Marymount’s “Big Three” propose to merge in a major consolidation of student power

In a sweeping reform last week, Marymount’s Student Government Association (SGA), Co-Curricular Council (CCC), and Association for Campus Events (ACE), proposed a merger of the “Big Three” student organizations.

By Erin Munsterman

 The proposed merger would mean that all three would combine to form the Marymount University Student Association (MUSA).

SGA President Brandan McCammitt said the motion must move to the administration. According to him, student leaders will have a meeting with the advisors and move up the chain of administrative command for final motions forward.

“We’ll express to them that the students of the University are looking to go in a different direction with the Big Three and this is the sort of model that we would like to start the discussion with,” said McCammitt.

“We’re formalizing an already existing structure,” CCC President Gordon Baer said. “If we moved to this model… the roles of the student organization leaders wouldn’t change, but they would be in a much better position to communicate with other student leaders and advocate for themselves and for the needs of their organizations, since it is a more straightforward chain of command all the way up.”

According to Baer and McCammitt, who proposed the merger at the last SGA meeting, all of the organizations would essentially remain the same, possessing autonomy and falling under the preceding SGA statutes and revised constitution.

“We would have the SGA Senate, the CCC Committee, and the Activities Committee just as we do now,” McCammitt adds. “The Clubs branch would be the clubs’ allocation, assisting them, and the Activities branch would remain in control of big campus events. [The financial authority] continues to remain under the student government branch, along with raising student concerns to the administration.”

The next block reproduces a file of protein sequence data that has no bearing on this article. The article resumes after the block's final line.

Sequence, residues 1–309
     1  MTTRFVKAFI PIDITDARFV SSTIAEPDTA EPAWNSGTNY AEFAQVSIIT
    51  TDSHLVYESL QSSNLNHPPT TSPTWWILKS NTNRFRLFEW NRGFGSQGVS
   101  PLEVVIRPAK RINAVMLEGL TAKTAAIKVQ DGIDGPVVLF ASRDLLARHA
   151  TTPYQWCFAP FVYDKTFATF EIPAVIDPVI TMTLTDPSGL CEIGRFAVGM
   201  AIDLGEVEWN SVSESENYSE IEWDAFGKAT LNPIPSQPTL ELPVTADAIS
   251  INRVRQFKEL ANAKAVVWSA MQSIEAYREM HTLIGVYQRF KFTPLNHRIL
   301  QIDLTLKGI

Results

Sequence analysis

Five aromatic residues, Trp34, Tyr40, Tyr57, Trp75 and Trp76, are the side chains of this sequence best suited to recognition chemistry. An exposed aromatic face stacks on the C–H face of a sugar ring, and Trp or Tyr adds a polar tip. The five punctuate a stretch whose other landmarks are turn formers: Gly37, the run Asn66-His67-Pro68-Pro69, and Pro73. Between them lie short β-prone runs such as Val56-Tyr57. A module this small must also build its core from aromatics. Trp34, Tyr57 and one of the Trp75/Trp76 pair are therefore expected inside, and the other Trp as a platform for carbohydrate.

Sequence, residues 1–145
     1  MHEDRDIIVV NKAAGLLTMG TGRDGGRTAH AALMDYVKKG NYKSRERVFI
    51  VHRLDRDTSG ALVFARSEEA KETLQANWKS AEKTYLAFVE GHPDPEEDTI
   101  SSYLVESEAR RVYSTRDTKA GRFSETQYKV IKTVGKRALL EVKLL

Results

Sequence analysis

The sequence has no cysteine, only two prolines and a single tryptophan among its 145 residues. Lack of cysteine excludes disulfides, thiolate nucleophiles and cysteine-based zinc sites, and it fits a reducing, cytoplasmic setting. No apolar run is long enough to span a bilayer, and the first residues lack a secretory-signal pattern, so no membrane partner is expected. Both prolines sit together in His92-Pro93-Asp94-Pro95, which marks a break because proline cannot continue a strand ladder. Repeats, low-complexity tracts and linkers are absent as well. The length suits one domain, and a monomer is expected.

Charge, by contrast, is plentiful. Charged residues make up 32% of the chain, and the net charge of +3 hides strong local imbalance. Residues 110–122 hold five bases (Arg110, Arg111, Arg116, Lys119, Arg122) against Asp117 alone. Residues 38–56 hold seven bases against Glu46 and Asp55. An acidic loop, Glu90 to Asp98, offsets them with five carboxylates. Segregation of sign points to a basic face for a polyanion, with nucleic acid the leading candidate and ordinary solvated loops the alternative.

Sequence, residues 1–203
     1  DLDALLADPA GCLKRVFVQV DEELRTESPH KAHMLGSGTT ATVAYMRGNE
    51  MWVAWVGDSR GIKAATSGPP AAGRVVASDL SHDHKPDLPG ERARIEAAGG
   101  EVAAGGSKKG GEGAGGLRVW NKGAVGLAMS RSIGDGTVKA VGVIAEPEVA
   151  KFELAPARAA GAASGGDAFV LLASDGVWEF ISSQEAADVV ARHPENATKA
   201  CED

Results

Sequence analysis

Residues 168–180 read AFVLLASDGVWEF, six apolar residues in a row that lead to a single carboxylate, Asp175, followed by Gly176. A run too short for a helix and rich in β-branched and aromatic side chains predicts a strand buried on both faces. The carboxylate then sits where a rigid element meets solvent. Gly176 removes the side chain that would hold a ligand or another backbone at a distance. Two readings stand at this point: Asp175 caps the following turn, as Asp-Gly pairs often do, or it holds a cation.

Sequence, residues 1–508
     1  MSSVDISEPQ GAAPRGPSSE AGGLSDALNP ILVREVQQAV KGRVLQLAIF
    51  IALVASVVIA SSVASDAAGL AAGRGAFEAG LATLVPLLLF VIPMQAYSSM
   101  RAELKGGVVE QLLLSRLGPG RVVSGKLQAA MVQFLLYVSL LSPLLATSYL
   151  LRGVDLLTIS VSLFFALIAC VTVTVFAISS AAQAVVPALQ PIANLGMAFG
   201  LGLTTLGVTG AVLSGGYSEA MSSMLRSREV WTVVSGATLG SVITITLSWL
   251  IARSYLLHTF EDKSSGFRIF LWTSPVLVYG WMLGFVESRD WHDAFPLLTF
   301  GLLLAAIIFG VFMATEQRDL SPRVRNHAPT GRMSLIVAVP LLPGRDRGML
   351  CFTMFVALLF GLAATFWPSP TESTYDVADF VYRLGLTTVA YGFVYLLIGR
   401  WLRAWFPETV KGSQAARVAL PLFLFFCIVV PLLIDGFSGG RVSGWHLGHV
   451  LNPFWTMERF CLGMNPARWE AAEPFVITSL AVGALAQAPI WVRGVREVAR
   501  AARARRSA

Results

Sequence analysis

The Executive Cabinet for this novel merger would consist of an MUSA President, President Pro Tempore, Treasurer, Secretary, and three Vice Presidents, one representing Student Government, one for Activities, and a third for Student Organizations.

Within this system, the CCC and ACE chairs are altered to form two of the three Vice President seats of MUSA. The positions of President and Vice President of SGA would then essentially merge to create a third VP seat. These three positions would formulate an “umbrella model,” according to McCammitt, and would be equivalent under a sole student body President, a lead representative for all the organizations.

Moving forward, all the regulations and responsibilities for these positions are developed by the distinct associations they represent. What is now ACE would become a committee with rule over campus activities under this merger, just as the old CCC executive board would become a committee with control over organizations.

A Treasurer and Secretary will also be kept, the Treasurer serving all the organizations. The Senate remains a body under SGA and the Judiciary continues as a separate branch, keeping a check on the association.

At the meeting, McCammitt discussed the origination of their constructed proposal.

“The generalized concept behind this started two years ago by having Big Three meetings, [consisting of] the head of ACE, SGA, and CCC meeting with one of the Big Three’s advisors to sort of enhance our communication and let each other know what was going on.”

If this model is successfully implemented, McCammitt notes it’s designed to add more consistency to the student engagement and leadership on campus.

“We are providing a very basic structure that we would like to be adopted,” said McCammitt. “The nitty grittiness of that structure we would like to be decided by the next student team… it’s a continuous effort… it’s not going to happen immediately.”

 

 

 

 

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